[JURIST] In Tuesday's environmental law news, the US Department of Transportation's Surface Transportation Board official website] has announced it has upheld a petition by railroad company CSX Co. [corporate website] that contends a Washington DC City Council [official website] prohibition on hazardous materials within two miles of the Capitol building should be ruled invalid [decision text]. The Board's ruling has no regulatory authority, but may be cited when the case goes before the US District Court in DC on March 23. The City Council had voted down the ban [JURIST report] in November 2004, but reintroduced and approved the measure [official press release] on February 1, 2005. Reuters has more.
In other news,
- Environmental and energy ministers from 20 countries, including the UK, US, China, India, and Brazil, are meeting in the UK for a 2 day summit to exchange ideas and discuss new technologies for decreasing fossil fuel dependence and air pollution. The discussions will not include any new binding committments on the part of any of the nations, but hopefully will lead to improvements in technology sharing and future international environmental agreements. BBC News has more.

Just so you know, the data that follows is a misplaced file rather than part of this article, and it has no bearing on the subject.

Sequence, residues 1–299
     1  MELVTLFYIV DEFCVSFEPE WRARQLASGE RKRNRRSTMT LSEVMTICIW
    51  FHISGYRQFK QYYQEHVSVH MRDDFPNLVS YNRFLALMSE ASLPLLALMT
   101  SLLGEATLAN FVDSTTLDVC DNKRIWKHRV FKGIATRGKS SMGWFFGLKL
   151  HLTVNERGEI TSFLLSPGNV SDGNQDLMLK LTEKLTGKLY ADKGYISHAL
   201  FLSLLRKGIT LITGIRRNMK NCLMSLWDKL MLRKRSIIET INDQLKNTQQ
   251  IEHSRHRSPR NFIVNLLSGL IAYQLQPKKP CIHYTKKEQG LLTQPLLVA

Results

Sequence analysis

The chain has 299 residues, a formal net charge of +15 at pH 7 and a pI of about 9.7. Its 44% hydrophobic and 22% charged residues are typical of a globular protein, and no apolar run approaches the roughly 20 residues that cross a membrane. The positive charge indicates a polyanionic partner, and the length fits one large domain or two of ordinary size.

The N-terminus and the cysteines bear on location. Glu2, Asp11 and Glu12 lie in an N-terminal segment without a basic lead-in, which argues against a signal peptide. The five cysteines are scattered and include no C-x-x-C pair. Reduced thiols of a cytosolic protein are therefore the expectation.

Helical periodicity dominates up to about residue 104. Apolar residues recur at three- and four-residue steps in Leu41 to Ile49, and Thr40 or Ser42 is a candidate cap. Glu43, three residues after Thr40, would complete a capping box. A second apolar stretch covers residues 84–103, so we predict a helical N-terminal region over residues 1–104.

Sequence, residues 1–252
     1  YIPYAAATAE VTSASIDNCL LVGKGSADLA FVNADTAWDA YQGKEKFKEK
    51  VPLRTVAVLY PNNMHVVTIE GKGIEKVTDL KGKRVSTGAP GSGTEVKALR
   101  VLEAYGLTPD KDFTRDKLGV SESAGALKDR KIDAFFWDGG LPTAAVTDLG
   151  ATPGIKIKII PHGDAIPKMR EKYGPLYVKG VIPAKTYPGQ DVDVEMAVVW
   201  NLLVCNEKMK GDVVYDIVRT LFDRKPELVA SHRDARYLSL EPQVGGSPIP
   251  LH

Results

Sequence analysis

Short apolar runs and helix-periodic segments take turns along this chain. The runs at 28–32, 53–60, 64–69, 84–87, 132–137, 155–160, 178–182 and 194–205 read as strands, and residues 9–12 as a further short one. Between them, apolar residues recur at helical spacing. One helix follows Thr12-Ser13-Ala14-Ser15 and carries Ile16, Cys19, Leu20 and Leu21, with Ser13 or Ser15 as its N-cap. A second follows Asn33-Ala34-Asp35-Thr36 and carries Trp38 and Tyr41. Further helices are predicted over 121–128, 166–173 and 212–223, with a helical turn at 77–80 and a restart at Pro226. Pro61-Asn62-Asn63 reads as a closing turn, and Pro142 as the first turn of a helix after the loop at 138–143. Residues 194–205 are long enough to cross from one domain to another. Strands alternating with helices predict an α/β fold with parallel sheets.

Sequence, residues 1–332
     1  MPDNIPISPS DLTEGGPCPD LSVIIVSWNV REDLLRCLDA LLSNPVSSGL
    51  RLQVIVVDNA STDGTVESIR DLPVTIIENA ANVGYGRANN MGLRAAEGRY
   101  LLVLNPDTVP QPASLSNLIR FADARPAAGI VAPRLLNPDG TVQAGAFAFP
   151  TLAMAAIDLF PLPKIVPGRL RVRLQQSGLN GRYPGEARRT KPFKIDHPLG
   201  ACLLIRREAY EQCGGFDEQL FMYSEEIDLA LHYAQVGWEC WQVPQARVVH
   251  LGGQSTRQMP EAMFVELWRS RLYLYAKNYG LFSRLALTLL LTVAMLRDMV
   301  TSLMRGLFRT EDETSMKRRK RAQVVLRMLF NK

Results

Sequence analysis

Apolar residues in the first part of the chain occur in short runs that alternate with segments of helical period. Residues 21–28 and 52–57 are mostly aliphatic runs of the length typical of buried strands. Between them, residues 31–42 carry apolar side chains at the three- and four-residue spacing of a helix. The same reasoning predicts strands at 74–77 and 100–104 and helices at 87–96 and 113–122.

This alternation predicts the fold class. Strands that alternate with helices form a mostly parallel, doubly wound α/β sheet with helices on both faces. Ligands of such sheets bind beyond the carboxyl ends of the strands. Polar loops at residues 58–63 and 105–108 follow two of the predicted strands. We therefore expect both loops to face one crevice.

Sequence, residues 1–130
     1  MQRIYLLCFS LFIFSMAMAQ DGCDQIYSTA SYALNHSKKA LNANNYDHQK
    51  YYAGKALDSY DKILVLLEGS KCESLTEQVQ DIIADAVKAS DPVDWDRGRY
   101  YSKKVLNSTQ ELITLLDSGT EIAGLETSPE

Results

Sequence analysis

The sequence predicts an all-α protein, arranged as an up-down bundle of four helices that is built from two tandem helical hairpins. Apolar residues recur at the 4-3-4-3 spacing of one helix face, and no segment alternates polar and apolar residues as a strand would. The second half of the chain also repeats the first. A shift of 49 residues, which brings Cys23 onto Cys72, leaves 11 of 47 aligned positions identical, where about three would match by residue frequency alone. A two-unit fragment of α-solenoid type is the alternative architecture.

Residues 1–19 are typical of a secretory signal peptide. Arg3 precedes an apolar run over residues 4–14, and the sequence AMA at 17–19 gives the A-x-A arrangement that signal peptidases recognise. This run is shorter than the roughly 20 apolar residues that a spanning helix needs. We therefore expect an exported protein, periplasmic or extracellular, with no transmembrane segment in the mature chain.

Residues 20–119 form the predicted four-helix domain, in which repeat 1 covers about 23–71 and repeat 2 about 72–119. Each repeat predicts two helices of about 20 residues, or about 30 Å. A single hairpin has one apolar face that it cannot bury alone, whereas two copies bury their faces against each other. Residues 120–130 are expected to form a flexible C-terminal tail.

- The EPA [official website] has issued the Clean Air Mercury Rule (text not yet online, factsheet and press release from EPA) to permanently cap and reduce mercury emissions from coal-fired power plants. The US is the first country to regulate mercury from power plants. JURIST's Paper Chase has more.